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I don’t know why it came up, but just recently Mark said, “I’ve never seen your dad laugh as hard as that time we watched City Slickers!”

It’s true. It’s also true that he laughed that hard every time we watched it.

My family has always liked watching movies together. Actually, we still do. My parents have gone to all but one of the movies we’ve taken Annalyn to, my brother went to see Pitch Perfect for the second time so I could see it last fall, and just this past weekend my husband, brother and dad went to see Lincoln during my mom’s tea party.

When I was a kid, we watched all the usual kid movies: Beauty & the Beast, Aladdin, Little Mermaid, Bedknobs and Broomsticks, something about a car that talked, something about a shaggy dog that talked.

Of course, there were also the musicals: The Sound of Music, Mary Poppins, Guys & Dolls, The Music Man, On the Town, Singin’ in the Rain, Holiday Inn.

[And then there was the time my brother went through a Danny Kaye phase. I don’t really remember much of that, but I never hear the word “chalice” without remembering that the chalice in the palace has the brew that is true.]

As we got older, my family watched lots of other movies together, enough times that we knew the songs and the jokes and the right time for a bathroom break. Some of our favorites included the Indiana Jones movies (the first and third), the Back to the Future movies (the first and third), the Star Wars movies, the Romancing the Stone movies, Three Men & a Baby, the aforementioned City Slickers, The Secret of My Success and Doc Hollywood. Apparently we had a thing for Michael J. Fox back then.

One of our favorites was elevated to a whole new level when my brother and I were in a school play. Though we’d watched Wizard of Oz lots of times, we fell in love with the story even more when I played Glinda the Good Witch and my brother accompanied the musical during my senior year of high school.

That’s why I was so excited to attend a screening of Oz the Great & Powerful.

Oz: I don’t want to be a good man . . . I want to be a great one.

I wanted Oz to be a great movie; I really did. It wasn’t.

It had some good parts, though, and seeing it on a giant screen in 3D was certainly an experience! (I even ended up sitting next to a well-known movie critic from one of our local TV stations. That guy was as entertaining as the movie!)

Here’s the lowdown: Oz is colorful and kind of whimsical and occasionally funny. It’s also surprisingly intense for a PG-rated movie and has some fairly adult themes and dialogue for a PG-rated movie.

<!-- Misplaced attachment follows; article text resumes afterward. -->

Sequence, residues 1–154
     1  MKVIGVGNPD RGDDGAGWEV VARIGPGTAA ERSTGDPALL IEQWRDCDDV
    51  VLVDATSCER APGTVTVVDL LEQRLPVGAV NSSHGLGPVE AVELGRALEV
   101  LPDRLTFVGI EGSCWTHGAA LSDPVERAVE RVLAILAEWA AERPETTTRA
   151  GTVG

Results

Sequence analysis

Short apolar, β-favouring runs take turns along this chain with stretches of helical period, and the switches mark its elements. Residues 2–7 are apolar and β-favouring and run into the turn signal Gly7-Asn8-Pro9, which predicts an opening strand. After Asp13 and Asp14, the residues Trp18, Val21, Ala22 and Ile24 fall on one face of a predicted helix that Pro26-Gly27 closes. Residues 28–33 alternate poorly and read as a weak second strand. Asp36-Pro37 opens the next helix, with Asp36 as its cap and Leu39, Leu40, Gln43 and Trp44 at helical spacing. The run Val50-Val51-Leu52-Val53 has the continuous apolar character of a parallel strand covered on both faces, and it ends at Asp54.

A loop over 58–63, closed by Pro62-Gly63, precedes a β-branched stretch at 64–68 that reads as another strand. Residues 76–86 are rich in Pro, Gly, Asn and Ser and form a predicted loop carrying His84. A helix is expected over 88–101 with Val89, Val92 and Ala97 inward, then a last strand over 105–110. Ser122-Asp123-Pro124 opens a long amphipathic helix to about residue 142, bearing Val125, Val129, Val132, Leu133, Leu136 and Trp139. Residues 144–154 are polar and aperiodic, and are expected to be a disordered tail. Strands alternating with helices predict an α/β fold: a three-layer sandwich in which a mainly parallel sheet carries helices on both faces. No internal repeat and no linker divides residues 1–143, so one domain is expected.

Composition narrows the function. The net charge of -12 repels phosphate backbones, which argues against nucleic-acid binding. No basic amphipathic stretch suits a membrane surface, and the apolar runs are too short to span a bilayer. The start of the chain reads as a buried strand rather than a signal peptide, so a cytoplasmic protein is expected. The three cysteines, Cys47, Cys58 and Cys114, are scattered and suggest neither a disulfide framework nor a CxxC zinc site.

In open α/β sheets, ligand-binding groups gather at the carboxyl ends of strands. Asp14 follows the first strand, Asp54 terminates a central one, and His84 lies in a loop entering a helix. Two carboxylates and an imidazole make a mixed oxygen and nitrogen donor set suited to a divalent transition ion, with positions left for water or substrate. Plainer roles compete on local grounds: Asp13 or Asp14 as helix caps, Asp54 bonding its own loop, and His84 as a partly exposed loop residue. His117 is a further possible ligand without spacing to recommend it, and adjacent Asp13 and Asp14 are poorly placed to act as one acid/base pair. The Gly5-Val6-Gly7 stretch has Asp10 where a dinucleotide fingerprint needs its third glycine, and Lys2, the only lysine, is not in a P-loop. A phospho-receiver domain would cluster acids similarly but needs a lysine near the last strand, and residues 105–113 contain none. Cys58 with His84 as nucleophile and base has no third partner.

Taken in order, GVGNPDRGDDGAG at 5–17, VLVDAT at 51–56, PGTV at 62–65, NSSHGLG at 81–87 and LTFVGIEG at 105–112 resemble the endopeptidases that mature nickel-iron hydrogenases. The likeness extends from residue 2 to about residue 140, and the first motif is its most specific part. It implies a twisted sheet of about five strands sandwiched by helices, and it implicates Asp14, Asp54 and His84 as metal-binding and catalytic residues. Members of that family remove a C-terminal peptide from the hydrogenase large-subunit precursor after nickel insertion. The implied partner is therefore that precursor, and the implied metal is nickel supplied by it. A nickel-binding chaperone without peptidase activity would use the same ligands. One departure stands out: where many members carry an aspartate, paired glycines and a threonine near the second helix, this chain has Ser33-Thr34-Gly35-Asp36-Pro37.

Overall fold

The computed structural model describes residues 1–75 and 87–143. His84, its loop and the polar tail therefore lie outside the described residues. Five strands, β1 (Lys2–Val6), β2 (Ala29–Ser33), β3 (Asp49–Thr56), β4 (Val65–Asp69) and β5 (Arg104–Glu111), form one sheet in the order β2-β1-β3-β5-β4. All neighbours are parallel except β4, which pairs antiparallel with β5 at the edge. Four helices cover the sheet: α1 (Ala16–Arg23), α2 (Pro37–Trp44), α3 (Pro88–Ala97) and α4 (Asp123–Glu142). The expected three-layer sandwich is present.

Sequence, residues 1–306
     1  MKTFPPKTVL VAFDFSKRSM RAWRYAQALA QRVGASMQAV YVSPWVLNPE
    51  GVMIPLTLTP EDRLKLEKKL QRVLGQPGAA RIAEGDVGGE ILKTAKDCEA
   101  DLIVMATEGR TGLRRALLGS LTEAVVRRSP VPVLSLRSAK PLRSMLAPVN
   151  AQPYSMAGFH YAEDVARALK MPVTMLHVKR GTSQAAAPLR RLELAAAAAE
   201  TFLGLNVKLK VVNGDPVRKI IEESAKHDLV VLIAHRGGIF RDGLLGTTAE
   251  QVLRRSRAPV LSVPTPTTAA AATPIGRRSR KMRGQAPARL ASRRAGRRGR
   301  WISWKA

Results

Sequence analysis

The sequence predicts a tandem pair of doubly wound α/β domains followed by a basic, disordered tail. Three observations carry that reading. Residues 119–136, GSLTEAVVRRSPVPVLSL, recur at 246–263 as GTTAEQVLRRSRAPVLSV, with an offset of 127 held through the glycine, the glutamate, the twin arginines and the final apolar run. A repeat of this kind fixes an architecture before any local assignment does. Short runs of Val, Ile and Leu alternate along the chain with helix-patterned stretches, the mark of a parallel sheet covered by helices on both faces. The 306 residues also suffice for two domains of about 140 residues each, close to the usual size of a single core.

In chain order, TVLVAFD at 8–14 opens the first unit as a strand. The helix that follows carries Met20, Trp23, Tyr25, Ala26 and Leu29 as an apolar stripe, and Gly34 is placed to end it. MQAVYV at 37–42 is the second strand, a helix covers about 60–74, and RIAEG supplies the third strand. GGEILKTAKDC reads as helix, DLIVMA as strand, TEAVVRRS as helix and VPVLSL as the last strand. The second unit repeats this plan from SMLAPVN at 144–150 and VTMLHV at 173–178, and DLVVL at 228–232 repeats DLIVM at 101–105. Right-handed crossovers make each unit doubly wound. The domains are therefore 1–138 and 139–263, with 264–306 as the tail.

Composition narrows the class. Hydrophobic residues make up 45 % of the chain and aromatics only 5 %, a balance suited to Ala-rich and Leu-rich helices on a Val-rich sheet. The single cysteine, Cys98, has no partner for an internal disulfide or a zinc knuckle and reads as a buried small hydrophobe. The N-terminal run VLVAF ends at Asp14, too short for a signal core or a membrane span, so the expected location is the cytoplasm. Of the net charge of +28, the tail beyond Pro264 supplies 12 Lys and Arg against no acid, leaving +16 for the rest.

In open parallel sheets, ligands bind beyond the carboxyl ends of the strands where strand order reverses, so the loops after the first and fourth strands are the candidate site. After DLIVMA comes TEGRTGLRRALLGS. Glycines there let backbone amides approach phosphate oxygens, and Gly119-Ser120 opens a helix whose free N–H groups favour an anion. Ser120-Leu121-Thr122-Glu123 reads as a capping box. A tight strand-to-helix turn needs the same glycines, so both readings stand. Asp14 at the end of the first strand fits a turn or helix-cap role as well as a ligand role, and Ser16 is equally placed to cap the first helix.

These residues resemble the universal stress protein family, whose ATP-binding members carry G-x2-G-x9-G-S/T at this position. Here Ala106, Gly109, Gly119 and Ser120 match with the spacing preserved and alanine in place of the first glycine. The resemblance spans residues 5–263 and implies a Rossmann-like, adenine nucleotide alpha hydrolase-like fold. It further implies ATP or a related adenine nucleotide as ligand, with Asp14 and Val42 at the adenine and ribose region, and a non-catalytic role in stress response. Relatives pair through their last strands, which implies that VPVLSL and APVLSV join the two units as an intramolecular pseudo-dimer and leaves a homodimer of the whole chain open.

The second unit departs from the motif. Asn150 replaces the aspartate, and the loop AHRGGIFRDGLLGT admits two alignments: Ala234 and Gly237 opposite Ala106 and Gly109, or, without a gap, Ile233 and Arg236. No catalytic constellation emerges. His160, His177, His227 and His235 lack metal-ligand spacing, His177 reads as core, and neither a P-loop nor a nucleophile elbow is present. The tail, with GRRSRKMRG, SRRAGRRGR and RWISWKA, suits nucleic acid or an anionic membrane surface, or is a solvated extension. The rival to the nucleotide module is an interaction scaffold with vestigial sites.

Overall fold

Then again, maybe I don’t know what a PG-rated movie is supposed to be like. So I’ll say it this way instead: I definitely won’t take Annalyn to see this one. She is, after all, the same girl who informed me a week ago that she only wants to watch the songs from The Lion King, because the movie has scary parts. So realistic flying baboons with crazy teeth lunging at me through the screen? Probably not going to work for her – or, really, any young children.

My favorite part of the movie (which I saw in 3D) was actually the opening credits. They are awesome and made me question my life-long dislike of 3D. (Then the flying through the air and falling down the waterfall happened. And I remembered why I don’t do 3D.)

The actors were hit or miss. Michelle Williams and Rachel Weisz were pretty good (and, in case you’re wondering, I’ve decided that I’d like Weisz to play me in the movie of my life. Not because I’m like her. But because I want to be. But I’m not.). Unfortunately, Mila Kunis seemed unbelievable and then way over the top. Although her black leather pants – though completely unlikely to exist in 1905 – were pretty hot.

And then there was James Franco. YOU GUYS. I just don’t know about this guy. I wondered: Was he TRYING to be cheesy? Is this supposed to be campy? Because he wasn’t quite THERE . . . but he didn’t come off as sincere either. Almost but . . . not quite.

{And don’t even ask me how I felt when I discovered, while doing my very serious blog research on Wikipedia, that Robert Downey, Jr. was considered for the part of Oz. Don’t. Even. Ask.}

The story itself was okay. It seemed weird, after seeing Wicked, because the story was completely different. But it wasn’t bad. Well, except for how the Wicked Witch becomes the Wicked Witch. That part seemed a little far-fetched. {But probably only because I’ve seen Wicked.}

But the parallel of a person from Kansas getting sucked through a tornado and landing in Oz, then going on a journey with a ragtag group of companions was nice. And Zach Braff as the monkey was funny – and pulled the best performance out of Franco, honestly.

I did miss the music. I knew it wasn’t a musical, but I guess because I’ve seen Wizard of Oz so many times – enough to have even the background music memorized – I anticipated hearing the Emerald City song when we saw the Emerald City and Follow the Yellow Brick Road when we saw the yellow brick road.

So, in summary, Oz wasn’t my favorite movie and I won’t be taking Annalyn to see it. BUT it was fun and colorful, and I’d definitely take an older kid to see it.

One last thing, though. Do you remember Glinda’s dress in the original movie? Do you? I do, and you want to know why? BECAUSE I HAD TO WEAR IT. Or, you know, something like it. Whereas Michelle Williams got a GORGEOUS, simple, NOT pink and NOT fluffy gown.

That is not fair. Not fair at all.

Will you be going to see Oz the Great & Powerful?
What were your favorite movies as a child?

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